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Summary

Today, nursing is one of the most ubiquitous professions in the world, and images of war immediately call to mind nursing the wounded, but it was not long ago that such ideas were relatively primitive. Indeed, schoolchildren are still taught about the revolutionary exploits of Florence Nightingale, the war nurse who is often credited as the founder of modern nursing. As The Times wrote of Nightingale, "She is a 'ministering angel' without any exaggeration in these hospitals, and as her slender form glides quietly along each corridor, every poor fellow's face softens with gratitude at the sight of her. When all the medical officers have retired for the night and silence and darkness have settled down upon those miles of prostrate sick, she may be observed alone, with a little lamp in her hand, making her solitary rounds." Florence Nightingale first came to prominence during the Crimean War in the middle of the 19th century when she helped organize efforts to treat wounded soldiers, and the image of her doing rounds among those she treated at night became extremely popular in Europe, but her efforts extended far beyond the scope of battle. In time, she came to found the first secular nursing school, at St Thomas' Hospital in London, and with that she began to transform nursing into an actual profession. Perhaps not surprisingly, in conjunction with nursing, Nightingale was a social reformer who advocated for the advancement of women in all areas of life, from healthcare to poverty, and she bolstered her work with voluminous writings on behalf of her causes.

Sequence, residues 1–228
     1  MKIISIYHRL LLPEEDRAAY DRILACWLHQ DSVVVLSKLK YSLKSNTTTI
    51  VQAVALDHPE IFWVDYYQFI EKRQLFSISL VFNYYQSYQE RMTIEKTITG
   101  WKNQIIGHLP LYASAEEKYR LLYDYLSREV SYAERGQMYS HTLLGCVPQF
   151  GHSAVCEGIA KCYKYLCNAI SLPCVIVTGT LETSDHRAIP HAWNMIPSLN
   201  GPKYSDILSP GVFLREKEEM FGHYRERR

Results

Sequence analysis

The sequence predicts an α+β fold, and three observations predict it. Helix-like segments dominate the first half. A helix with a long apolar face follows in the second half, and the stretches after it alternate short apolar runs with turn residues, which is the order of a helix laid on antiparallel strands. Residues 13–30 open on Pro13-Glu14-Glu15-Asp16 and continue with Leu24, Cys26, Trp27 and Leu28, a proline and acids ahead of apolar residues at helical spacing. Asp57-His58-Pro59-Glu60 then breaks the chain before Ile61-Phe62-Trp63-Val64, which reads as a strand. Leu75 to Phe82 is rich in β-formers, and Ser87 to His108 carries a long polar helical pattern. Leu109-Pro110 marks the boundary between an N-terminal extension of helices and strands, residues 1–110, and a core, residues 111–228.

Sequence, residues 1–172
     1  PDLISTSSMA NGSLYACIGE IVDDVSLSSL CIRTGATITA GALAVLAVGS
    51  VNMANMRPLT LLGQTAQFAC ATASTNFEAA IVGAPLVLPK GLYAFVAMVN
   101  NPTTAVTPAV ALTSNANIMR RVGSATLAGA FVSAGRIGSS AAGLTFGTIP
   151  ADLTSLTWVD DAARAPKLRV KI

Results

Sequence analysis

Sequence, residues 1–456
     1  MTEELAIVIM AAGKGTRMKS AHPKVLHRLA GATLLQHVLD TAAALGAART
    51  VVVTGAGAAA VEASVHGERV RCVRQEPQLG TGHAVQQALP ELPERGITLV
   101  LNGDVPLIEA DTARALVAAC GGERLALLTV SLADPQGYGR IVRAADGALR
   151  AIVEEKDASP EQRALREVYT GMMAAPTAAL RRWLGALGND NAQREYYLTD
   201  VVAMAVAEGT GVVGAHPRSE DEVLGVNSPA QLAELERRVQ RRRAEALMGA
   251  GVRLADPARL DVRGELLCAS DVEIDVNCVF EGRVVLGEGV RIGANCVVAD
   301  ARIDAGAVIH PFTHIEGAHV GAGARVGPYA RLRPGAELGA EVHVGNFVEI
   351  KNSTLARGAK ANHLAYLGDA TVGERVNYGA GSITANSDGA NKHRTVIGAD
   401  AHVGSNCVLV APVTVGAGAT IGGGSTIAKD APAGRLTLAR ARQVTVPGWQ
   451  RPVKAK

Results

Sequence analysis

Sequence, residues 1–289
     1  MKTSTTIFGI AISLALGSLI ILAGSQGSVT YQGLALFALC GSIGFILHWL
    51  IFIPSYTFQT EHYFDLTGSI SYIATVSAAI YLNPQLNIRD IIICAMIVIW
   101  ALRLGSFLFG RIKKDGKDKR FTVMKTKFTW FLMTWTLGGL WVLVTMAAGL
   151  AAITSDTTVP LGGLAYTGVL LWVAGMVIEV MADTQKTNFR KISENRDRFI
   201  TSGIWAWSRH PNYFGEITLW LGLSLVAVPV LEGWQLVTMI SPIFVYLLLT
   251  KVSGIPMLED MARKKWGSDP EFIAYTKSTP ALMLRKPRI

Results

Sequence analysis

©2016 Charles River Editors (P)2017 Charles River Editors

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Informative, Well Written and Well Read.

Very informative and inspiring. Florence achieved so much at such a young age; from the very beginning of her life she aspired to be a nurse and to help people and did everything in her power to do so. She never stopped fighting for patients' and nurses rights, changing the face of nursing and the concept of what it is to be a nurse. She changed government policies, improved and designed hospitals, both here and in wartime, and revolutionised the way we perceive germs and hygiene. Everything we do as modern nurses stems from the framework of this incredible woman. This book, although difficult to follow sometimes as it consists mostly of quotes, letters to and from Florence and newspaper articles, really captures and highlights her greatest and most impressive achievements. Short and perfectly read. I would definitely recommend this to any Nightingale fan or someone eager to learn about this incredible woman.